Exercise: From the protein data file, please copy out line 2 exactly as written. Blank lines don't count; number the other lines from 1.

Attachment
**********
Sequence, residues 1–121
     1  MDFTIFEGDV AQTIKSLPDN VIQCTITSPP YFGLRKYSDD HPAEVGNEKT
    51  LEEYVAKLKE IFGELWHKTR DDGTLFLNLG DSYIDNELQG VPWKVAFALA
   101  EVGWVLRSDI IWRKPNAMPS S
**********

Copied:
     1  MDFTIFEGDV AQTIKSLPDN VIQCTITSPP YFGLRKYSDD HPAEVGNEKT